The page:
Looking and Seeing

Today is going to be a short post, I had a long day yesterday and I've had a longer one already today. I have some stuff in the works which is very exciting for me, but it means working full time and then full time doing the other stuff. I'm being very cryptic, but I can't announce yet. Soon! 

Anyway, today I'm going to talk specifically about photography, this process can be used in any medium, but since photography is the closest to capturing exactly what you see in the real life (sort of, more on that later) onto film or pixels and it's my medium that's what I'm going to discuss. 

I knew from when I was younger that I had an "eye" for photography, I remember being very young and I had my first little digital camera that maybe had 1.3 megapixels and taking it to the zoo, and when I came home that day my parents had guests over. The woman told me that I had an eye for photography (I was showing everyone I could my camera and my photos because I was VERY proud of myself). 

As I got older oddly I got worse at really seeing things for what they could be. I started using the studio almost exclusively because I knew I could control every aspect of it. But when it came to my thesis studio shots didn't feel right. So I had to learn how to really see things again. I had to think about framing and pay attention to everything in the frame because I was shooting polaroids and there was no "I'll crop that out". That process probably saved my art practice (and my grade) because I wasn't going to be able to say what I needed to say with studio shots, and the current work I'm working on is in the same vein, I'm back to using medium format film because polaroids are expensive and unpredictable and I think I've had enough of them for a little bit. 

I guess my advice is do a project that is the opposite of how you work. Granted, I wouldn't recommend changing it up for your thesis but whatever works works. If you're a studio photographer, go out and shoot some landscapes (You will probably never see a straight landscape from me because I am not comfortable with them at all), if you're a nature photographer go play with lights in the studio. The same could be said for all media, if you're a singer/songwriter and the words come first always, try writing the tune, if you're a figurative painter try an abstraction. This is advice I've gotten from many artists wiser and more experienced than I, and the "experiments" may be a disaster, or it may be your first actually successful (critique wise) series. 

That was a lot longer than I anticipated, I am thinking a nap is in my immediate future. 

Until tomorrow




We all know it, we've all experienced it, I'm assuming if you're reading this blog you have some sort of interest in art. Maybe not, if not, welcome, hope something is interesting to you. 

As a person who has only lived a certain number of years on this earth (and quite a few of them I was not conscious of what was happening)  Now you're trying to figure out if I mean when I was a small human or some crazy college years, I'll never tell. Anyway, I've only experienced a small number of things that I'm going to experience in my life, and for me I've experienced a lot more than a good portion of my age group (not tryin' to brag or anything but I've seen some shit).

However all jokes aside this tiny little section of my life is the only thing that I have to draw on to make work about, and hopefully I will have lots and lots of experiences down the line to draw on to continue to grow with my work. I have noticed a pattern in my work, and have spoken to other artists about this as well I make work about the same thing. Every series, it's about the same thing. I'm not going to give you an artist statement because I think they're lame and useless (that's another post) shout out to Chris and Craig. Every time I make a painting I'm making it about the same thing. Every time I click the shutter I'm thinking about the same thing (well, I don't actually think much when making photographs but you get what I mean).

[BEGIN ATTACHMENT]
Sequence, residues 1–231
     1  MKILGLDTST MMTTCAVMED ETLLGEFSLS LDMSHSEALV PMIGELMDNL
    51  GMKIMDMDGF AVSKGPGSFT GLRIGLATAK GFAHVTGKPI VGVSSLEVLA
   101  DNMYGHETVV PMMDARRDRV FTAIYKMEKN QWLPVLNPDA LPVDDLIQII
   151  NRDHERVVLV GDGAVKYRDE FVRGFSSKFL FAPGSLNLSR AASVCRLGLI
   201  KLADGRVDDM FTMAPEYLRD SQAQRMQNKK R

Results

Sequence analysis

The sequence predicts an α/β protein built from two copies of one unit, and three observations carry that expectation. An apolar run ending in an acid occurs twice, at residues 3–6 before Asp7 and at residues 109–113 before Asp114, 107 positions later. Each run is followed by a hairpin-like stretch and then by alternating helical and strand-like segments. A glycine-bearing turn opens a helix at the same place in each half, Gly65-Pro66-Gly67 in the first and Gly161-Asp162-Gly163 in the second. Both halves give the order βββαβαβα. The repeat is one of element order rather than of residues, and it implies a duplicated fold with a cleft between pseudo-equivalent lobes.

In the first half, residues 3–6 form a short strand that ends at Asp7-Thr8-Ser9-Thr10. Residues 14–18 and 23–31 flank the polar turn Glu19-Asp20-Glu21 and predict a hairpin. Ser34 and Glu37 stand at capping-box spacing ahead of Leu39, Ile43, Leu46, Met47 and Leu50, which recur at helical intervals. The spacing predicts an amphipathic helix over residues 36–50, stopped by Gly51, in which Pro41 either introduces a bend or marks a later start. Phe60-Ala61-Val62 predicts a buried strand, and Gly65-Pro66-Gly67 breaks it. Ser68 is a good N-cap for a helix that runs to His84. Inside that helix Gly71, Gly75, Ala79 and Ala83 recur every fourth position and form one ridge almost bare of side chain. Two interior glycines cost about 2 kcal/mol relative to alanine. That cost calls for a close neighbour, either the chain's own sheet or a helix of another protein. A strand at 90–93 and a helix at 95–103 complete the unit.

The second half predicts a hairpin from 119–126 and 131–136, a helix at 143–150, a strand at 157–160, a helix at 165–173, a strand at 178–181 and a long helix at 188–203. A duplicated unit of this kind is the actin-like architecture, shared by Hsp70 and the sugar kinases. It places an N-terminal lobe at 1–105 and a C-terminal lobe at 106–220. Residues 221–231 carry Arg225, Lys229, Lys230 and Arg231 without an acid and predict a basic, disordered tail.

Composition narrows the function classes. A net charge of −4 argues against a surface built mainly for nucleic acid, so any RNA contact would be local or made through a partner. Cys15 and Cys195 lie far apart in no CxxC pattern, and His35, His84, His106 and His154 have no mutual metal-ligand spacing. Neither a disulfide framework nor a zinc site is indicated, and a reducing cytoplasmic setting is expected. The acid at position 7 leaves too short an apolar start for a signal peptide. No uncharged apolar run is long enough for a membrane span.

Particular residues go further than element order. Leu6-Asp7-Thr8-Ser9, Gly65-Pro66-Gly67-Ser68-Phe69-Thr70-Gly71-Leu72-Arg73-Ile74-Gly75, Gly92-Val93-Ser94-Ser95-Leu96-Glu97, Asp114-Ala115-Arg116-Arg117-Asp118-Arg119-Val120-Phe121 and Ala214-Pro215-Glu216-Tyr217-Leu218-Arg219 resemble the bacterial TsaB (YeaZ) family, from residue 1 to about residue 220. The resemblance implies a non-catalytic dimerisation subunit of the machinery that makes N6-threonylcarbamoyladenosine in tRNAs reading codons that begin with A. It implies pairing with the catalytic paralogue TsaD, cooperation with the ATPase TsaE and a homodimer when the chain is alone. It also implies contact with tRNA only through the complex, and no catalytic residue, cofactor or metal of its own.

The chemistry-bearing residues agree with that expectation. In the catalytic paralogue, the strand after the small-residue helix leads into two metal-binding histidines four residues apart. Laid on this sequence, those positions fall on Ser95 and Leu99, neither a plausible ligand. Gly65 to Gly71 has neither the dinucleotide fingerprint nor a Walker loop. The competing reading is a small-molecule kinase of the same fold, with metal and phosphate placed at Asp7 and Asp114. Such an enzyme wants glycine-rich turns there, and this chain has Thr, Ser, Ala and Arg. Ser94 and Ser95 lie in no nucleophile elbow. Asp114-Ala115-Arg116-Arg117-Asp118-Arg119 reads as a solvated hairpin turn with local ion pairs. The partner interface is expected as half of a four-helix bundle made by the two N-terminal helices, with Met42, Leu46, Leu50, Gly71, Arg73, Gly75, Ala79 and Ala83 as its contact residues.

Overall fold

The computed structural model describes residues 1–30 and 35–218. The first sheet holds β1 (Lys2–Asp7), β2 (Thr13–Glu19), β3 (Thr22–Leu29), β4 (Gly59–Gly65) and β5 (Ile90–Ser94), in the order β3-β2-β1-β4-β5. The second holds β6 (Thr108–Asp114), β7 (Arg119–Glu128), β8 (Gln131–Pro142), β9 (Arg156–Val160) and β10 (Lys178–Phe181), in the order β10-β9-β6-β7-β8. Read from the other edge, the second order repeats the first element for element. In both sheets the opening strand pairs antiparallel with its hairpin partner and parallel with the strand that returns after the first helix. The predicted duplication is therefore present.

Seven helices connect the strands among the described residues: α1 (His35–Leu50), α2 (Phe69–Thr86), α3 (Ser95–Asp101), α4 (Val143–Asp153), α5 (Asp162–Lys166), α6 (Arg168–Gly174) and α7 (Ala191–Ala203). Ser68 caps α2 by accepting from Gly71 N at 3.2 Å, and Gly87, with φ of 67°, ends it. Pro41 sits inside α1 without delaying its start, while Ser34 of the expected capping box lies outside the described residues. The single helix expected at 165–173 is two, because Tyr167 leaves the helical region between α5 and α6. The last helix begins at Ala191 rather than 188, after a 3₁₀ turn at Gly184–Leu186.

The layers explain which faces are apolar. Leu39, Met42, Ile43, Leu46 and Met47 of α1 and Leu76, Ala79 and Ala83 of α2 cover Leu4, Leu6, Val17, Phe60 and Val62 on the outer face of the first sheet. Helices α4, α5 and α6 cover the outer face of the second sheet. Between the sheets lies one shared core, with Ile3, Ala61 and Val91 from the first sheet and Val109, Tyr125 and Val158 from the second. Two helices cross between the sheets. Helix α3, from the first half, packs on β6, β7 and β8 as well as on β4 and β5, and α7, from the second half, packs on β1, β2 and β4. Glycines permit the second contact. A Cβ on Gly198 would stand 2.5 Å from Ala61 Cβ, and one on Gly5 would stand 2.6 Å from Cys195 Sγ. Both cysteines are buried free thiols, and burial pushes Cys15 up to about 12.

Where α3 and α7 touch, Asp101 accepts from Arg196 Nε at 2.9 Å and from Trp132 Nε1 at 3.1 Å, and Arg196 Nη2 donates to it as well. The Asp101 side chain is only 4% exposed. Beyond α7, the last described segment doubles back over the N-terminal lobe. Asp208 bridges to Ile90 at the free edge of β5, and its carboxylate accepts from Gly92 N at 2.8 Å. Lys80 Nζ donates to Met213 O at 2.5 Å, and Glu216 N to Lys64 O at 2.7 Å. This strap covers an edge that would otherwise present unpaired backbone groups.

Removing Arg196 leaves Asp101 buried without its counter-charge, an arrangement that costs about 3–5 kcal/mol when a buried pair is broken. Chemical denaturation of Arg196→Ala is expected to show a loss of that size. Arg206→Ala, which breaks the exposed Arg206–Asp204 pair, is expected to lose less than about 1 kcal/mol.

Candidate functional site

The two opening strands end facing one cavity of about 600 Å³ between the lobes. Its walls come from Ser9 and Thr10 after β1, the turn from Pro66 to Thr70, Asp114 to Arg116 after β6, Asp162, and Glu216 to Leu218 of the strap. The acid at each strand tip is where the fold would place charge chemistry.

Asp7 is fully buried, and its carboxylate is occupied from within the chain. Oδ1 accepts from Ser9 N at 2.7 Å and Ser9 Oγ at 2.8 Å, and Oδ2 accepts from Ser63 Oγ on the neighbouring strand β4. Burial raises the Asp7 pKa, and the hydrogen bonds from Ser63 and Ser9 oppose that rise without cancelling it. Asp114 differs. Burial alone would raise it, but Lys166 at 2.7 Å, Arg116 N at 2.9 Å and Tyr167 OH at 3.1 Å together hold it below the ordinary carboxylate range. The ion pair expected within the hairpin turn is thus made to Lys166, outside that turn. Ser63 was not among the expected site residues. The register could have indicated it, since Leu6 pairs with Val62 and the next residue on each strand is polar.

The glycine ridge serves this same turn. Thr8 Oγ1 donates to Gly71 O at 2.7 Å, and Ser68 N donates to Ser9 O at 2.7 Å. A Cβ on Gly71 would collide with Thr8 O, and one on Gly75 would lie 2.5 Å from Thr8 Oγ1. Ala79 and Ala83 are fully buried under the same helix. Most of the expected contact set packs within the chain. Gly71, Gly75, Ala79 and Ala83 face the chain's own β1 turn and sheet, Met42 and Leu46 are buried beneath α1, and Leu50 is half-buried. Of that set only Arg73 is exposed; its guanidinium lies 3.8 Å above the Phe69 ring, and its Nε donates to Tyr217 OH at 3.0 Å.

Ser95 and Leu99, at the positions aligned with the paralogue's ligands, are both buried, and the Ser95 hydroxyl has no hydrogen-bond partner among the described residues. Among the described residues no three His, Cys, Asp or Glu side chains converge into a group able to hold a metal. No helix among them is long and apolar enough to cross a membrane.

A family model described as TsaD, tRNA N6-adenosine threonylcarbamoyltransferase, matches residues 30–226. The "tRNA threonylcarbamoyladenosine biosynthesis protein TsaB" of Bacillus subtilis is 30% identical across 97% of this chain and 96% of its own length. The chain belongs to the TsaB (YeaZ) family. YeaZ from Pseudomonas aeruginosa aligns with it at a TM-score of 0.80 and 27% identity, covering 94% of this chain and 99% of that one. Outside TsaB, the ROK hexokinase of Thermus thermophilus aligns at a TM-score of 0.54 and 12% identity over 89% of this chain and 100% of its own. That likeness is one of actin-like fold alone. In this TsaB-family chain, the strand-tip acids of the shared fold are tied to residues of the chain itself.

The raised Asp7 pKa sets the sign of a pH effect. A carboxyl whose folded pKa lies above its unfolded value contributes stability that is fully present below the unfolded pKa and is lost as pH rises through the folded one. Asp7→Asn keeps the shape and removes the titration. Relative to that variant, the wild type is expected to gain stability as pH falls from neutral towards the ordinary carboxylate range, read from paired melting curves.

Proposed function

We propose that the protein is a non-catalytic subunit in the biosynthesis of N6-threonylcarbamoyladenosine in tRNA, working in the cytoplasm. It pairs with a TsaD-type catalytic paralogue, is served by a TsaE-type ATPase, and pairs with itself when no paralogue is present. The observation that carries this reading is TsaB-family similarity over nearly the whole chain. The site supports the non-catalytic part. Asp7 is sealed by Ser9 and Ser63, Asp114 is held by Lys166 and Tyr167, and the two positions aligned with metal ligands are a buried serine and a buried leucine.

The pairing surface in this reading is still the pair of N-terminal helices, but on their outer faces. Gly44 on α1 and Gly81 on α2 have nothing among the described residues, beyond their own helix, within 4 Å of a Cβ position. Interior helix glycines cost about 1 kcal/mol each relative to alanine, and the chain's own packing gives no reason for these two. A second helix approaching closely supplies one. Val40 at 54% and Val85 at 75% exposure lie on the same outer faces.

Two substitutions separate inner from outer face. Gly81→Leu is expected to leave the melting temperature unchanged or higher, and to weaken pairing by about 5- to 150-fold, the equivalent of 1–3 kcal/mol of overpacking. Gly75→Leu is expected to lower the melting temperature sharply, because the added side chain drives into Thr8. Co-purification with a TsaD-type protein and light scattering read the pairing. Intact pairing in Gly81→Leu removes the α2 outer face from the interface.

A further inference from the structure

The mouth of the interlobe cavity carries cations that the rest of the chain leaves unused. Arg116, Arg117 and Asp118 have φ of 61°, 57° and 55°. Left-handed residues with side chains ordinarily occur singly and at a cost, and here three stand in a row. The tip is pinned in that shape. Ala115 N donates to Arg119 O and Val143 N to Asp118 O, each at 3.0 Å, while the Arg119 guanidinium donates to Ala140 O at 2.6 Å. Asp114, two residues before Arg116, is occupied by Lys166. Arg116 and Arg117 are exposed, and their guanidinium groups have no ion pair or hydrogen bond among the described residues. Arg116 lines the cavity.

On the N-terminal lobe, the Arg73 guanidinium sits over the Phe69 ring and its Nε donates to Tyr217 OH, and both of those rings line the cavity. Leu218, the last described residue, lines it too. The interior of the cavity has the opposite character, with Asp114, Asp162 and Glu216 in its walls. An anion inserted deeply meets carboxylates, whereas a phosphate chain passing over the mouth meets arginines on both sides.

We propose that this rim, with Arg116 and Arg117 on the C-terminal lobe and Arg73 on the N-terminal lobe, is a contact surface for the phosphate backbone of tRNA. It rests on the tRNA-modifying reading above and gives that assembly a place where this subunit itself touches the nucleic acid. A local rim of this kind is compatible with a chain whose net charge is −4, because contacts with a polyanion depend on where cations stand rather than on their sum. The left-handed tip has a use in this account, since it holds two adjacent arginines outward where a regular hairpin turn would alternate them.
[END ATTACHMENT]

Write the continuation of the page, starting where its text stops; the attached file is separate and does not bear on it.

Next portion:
The best thing that was ever told to me, by a pretty famous photographer was it was okay to make work about the same thing for your whole life. It was okay to be obsessed to the point that you don't have a choice, it is a compulsion to make that work, and it doesn't mean that the work looks the same. I can put up two photographs from two different series and as an outsider you might not see the connection. But for me, for now, my work has a theme and I'm okay with it. 

I like the idea of obsession, and I know it's considered a "sick" emotion, but when properly harnessed it can make incredible things and inventions and beautiful pieces of work. 

So make the work about the same thing, you might not be done telling the story yet, and you may never be done telling that story. Thats okay. 

Until tomorrow



Don't Knock it 'till you Try it, and Don't Feed the Demons.

I don't think today is going to have a theme, I think I'm just going to write and see where it takes me, I've been juggling a few different ideas and none of them are ready for publication even if it is just for the 30 or so of you that consistently click on this blog. 

For the past couple of days I've been getting up before the sun rises and going to make photographs around my town so I can catch the before and after "magic hour". (also when I make photographs of the stuff people have in their lawn they are less likely to throw things at me when they are still asleep). It's kind of lovely, I find the 6:30 crowd to be pleasant because they want to be awake that early, the 8:00 crowd isn't quite as nice as most of them are still in their PJs walking their dogs, or dressed in business casual and walking their dogs. Essentially I've learned 8 am is prime dog walking time.